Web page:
I have always been a little skeptical of mom blogs, mom bloggers and why they do what they do. I thought someone had to be slightly insane to think that the internet needed a blow by blow of their daily activities. Yet here I am starting a blog and aware that I’m probably slightly insane. I have come to realize that there is a contingent of mom bloggers who simply have thoughts, ideas, or experiences that they want to put on paper (or a computer screen, as the case may be) in order to be relevant and possibly connect with or relate to others.
In my opinion, a full time mom is one of the most difficult jobs in the world. To be more accurate, one of the most difficult jobs in the world to do well. I have been a stay at home mom for 17 years, and I can tell you honestly that there were times I was very jealous of the escape that a job outside the home could provide. I was lonely when I had a colicky infant who refused to stop screaming unless she was latched on to me. My home was my prison, and the TV was my closest friend. I could tell you any newsworthy tidbit reported by major news networks for months on end. I truly thought my life was over, sadly. And even when he got home, my husband could not feed our daughter because she wouldn’t take a bottle for 4 months!
Motherhood was not at all what I had dreamed it would be during those early months. My husband and I had married with the mutual decision to hold off having children for 5 years due to his career in the Air Force and moving around often, sometimes overseas, away from the support of family. Five years turned into six and we decided it was time to try. Now I’m a planner, a big planner. I planned that if we tried in month X, I would become pregnant and deliver in month Y. I never dreamed that months would turn into years, but that’s usually how infertility happens. It’s nothing anyone plans on, yet the numbers of infertile couples continue to rise around the modern world. My heart broke a little more every month it didn’t happen. One of the largest hurts came on Mother’s Day in 1998. That very morning, I had received certain confirmation that yet again, I was not pregnant. We attended a Sunday school class at our church where, unbeknownst to me, some dads had decided it would be nice to honor the moms in class. So at the end of class they turned out the lights and started a projection of pics of the various moms and their children. My sweet husband tried to soften the blow by giving them a pic of me with our two dogs. Though that was 18 years ago, my heart still hurts at the memory.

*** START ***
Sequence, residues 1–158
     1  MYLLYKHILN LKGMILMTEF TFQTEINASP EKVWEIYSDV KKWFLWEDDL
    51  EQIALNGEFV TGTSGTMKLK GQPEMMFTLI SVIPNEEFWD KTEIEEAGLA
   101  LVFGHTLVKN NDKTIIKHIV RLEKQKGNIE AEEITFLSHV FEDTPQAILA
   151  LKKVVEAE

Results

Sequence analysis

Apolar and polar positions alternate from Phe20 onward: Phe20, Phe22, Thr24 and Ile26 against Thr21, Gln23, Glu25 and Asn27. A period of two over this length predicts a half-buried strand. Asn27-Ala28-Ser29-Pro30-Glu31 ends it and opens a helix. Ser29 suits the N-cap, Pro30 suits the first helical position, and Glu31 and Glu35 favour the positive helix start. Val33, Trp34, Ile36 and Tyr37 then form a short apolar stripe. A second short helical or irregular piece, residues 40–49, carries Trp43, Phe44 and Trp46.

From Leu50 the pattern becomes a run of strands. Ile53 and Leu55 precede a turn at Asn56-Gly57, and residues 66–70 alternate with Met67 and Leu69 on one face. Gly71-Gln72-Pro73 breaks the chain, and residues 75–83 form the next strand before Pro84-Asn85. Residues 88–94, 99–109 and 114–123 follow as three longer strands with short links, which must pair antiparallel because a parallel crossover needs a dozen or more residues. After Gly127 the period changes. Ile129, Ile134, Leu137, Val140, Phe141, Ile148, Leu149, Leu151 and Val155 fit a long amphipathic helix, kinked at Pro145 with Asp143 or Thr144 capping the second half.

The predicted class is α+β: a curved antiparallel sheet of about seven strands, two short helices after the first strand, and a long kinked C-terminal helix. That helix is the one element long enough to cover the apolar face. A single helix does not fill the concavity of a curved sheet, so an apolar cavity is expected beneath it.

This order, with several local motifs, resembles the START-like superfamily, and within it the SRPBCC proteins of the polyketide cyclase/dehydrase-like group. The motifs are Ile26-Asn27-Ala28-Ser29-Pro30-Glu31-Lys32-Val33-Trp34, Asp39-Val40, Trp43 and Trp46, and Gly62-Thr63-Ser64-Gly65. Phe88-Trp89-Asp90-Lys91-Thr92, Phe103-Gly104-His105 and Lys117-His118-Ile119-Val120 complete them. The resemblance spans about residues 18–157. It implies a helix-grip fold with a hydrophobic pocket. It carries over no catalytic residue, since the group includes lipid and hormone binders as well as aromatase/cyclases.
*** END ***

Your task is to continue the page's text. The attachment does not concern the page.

Two jobs and a move across the country later, we finally gave in and went to see a Reproductive Endocrinologist. He ran tests on me, which is the normal starting point, and really couldn’t find anything glaring, so he started me on the first line of ovulation induction meds of the day, Clomid. If I remember correctly, you only took it for a few days during the month, and I can remember taking my first pill thinking that it was some sort of magic potion. In this instance, I was very fortunate as I became pregnant after one month of taking it. But then the terror set in. If you’ve ever experienced infertility, you know that getting pregnant is not the end game. For many, getting pregnant is not the problem, staying pregnant is a much larger obstacle. I didn’t know what my body would do. At this point I didn’t trust it to behave as it should, so I lived in fear of losing what I had so longed and fought for. After several months of routine follow-ups, I was released into the realm of normal pregnant women, and I think I relaxed and started to enjoy my pregnancy.
to be continued…